‘Ruck’ stops here as selfless Samaritans feed needy vets

Jessica Carter, Debbie Timmes, Allison Zukowski and Nicole Jewell [Photo: Kaila Jones]

A battalion of good Samaritans gathered at Waldo’s Restaurant last Saturday morning to support Operation Surf and Turf, a project to deliver meals to disabled veterans. It was organized by a group called Do You Give a Ruck with help from the Treasure Coast Jeep Club, Veterans Council of Indian River County and Vietnam Veterans of Indian River County.

They chose to launch the event from the beach at Waldo’s on June 6 in honor of D-Day, when Allied forces landed on Normandy beaches for a heroic campaign that ultimately led to the defeat of Hitler’s Nazi Germany.

Do You Give a Ruck? Yes, it’s a play on words. The group of military veterans and supporters say they do “give a ruck” and have made it their mission to better the lives of fellow veterans through public awareness and fundraising for organizations whose programs support them.

You may have seen its members marching around town, laden with 20-pound rucksacks similar to those used in the military. A standard military ruck is 12 miles long, carrying a minimum of a 35-pound rucksack, and the concept is equally related to fitness and mental stamina.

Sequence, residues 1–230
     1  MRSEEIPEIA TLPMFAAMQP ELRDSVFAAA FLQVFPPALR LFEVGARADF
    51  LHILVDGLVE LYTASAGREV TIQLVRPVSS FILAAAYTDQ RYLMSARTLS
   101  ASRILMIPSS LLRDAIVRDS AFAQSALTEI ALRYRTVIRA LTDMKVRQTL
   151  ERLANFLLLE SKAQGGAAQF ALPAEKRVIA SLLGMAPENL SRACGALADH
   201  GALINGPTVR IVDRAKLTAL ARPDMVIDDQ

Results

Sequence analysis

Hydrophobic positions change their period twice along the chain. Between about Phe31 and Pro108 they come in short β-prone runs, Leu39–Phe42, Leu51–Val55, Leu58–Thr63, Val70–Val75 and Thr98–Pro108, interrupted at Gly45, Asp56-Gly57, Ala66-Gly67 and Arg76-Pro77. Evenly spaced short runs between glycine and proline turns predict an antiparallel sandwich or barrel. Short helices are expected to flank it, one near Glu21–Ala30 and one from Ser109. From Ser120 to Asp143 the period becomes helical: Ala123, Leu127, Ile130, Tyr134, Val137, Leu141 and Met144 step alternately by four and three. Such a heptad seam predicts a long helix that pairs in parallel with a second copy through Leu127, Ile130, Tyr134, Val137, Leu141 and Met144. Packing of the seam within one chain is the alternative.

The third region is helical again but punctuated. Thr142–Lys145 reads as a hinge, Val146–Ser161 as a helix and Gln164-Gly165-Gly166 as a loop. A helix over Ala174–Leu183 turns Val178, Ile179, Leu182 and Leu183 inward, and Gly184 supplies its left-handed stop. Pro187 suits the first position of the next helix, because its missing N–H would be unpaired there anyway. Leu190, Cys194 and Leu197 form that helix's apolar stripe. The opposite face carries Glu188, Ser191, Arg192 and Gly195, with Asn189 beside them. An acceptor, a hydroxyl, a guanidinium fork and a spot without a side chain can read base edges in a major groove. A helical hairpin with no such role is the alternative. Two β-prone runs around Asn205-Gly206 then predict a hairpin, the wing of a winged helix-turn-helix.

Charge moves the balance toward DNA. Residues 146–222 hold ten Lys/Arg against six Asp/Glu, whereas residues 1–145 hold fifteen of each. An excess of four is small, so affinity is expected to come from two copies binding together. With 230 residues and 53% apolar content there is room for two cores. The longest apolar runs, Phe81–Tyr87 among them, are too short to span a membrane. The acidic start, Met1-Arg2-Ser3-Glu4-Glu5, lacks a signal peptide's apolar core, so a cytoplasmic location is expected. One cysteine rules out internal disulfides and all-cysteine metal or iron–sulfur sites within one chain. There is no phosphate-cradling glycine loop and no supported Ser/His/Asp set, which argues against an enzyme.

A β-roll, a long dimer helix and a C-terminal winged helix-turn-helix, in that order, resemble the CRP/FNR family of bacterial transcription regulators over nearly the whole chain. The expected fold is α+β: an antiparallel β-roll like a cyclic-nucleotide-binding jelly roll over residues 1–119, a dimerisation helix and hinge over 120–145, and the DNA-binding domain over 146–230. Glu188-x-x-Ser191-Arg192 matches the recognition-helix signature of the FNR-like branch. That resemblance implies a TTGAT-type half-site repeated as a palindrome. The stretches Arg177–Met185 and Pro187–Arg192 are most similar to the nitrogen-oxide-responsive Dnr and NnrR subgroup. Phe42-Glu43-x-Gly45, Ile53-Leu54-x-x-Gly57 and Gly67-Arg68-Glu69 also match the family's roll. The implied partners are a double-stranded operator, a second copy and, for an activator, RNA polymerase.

In February, a group marched for 20 miles with their packs from the Sebastian City Hall to the Vero Beach City Hall, to raise awareness about veteran suicides. The rucksacks also represent the burden veterans carry around with them long after they leave the battlefields.

Many of their ‘veterans supporting veterans’ projects have been achieved through partnerships with other groups, including the Veterans Council and Every Dream Has a Price.

Recently, the unit helped distribute food provided by Treasure Coast Compassionate Care to more than 300 families in need. They have also donated nearly $10,000, 470 toys and 4.5 tons worth of supplies to the homeless or impoverished.

Surf and Turf is the second veteran meal delivery the nonprofit has completed during the COVID-19 pandemic. Do You Give a Ruck was prompted to take action for its first – Swine and Drive – when its vice president, Charles Jackson, had a hard time procuring his own basic necessities due to pandemic-created shortages.

“I drove all the way to the commissary at Patrick Air Force Base looking for meat,” said Jackson. “It made me wonder if disabled veterans were getting enough food. So this was a health and comfort deal that we decided to put together in relation to the coronavirus.”

Anyone can participate, said Jackson. “If you want the community to be better, if you want to be a positive influence in your community, then be the change that you want to see.”

For more information, visit doyougivearuck.com.

Photos by: Kaila Jones
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